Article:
Black Man Wrongly Convicted In 2002 Murder Goes Free
A Black man who was sentenced to life in prison as an adolescent for murder went free Tuesday (Dec. 14) after the Minnesota pardon board agreed to a commutation, the Associated Press reported. But the case brought skepticism about the criminal justice system that incarcerated him.
Myon Burrell, 34, was convicted of the 2002 shooting death of 11-year-old Tyesha Edwards, who was killed by a stray bullet while in her family’s Minneapolis home doing homework. He was 16 at the time. Rival gang members had identified him to police as the one who fired the fatal shots. But he had always insisted that he was innocent, and reviews of the case showed that to be true.
Gov. Tim Walz commuted his sentence to 20 years after his case was heard by the Minnesota Board of Pardons.
“I can’t express my gratitude for all my supporters,” he said to a crowd before entering a car waiting to take him away from the prison he’d been in, according to the Minneapolis Star-Tribune. “We’re fighting for justice. There’s too much injustice going on.”
Sen. Amy Klobuchar, the former 2020 presidential candidate, was the prosecutor who put Burrell in prison and built her political career on that conviction, mentioning it many times in her tough-on-crime approach. However, there had always been questions over whether Burrell had pulled the trigger.
An investigation by the Associated Press and American Public Media found that there were serious problems with the police work done in Burrell’s case. There was no evidence like DNA or fingerprints connecting him with the shooting. Also, police failed to obtain a corner store’s security video, which Burell has argued could have exonerated him. In addition, a video exists of a homicide detective offering a man held by police $500 to give up Burrell’s name, even without him knowing for sure of his guilt.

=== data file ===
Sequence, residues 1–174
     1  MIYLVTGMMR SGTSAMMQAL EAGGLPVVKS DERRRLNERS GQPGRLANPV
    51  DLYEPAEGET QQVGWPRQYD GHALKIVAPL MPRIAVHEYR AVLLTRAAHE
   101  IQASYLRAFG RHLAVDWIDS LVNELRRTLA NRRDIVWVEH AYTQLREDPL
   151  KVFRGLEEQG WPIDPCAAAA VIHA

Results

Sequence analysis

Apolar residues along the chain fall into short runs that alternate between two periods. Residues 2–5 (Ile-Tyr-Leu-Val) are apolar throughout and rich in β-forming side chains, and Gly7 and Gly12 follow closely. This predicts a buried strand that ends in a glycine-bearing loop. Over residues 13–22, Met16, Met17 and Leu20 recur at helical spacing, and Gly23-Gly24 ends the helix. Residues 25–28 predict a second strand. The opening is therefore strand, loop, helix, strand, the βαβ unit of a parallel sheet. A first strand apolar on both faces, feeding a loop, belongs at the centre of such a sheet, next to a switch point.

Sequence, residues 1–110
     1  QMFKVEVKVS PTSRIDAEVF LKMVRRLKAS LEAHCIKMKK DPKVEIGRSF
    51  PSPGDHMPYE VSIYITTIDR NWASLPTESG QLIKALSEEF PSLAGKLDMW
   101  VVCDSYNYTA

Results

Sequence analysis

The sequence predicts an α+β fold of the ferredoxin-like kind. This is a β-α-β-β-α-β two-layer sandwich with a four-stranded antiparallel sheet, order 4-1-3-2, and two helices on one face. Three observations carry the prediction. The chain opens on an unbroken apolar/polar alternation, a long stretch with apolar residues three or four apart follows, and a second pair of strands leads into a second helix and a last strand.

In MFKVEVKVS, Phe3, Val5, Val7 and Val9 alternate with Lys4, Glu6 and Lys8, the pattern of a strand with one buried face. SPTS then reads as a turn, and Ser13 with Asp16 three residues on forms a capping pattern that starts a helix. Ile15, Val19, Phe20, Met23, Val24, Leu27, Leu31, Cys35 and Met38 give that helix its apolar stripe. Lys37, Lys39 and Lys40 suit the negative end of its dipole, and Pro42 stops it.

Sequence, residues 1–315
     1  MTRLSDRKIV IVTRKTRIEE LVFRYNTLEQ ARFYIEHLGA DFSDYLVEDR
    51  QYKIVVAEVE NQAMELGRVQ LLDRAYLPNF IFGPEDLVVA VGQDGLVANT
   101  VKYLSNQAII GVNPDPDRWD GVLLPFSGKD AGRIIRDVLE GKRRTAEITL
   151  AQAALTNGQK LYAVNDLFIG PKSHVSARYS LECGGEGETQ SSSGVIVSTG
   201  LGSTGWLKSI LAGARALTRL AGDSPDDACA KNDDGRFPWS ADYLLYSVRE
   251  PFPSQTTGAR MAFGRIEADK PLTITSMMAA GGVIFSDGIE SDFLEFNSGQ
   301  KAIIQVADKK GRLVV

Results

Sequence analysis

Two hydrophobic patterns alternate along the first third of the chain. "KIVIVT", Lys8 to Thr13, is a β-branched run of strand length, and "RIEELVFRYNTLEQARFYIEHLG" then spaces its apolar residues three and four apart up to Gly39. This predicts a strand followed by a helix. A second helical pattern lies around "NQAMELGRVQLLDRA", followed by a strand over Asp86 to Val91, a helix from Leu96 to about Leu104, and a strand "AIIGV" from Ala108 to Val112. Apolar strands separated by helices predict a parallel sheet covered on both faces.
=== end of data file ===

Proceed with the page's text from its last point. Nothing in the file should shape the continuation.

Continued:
In fact, it led to the creation of an independent national legal panel to review it, according to the AP. Klobuchar herself started supporting the panel when her role in convicting someone who could be innocent was pointed out. Last week, the panel released its findings and said there was a “failure to investigate that illustrates tunnel vision” and evidence that could have prevented Burrell from being imprisoned was essentially ignored.
The panel said that there was no reason to keep Burrell in prison any further. The commutation to 20 years meant he had already served his sentence. He requested a pardon, but it was denied and he will still be under supervised release for two years. But his sentence was commuted, the first time that has happened in a murder case in 22 years.
Burrell’s attorney Daniel Guerrero, will file paperwork next year requesting that a judge dismiss his convictions, according to the Star-Tribune.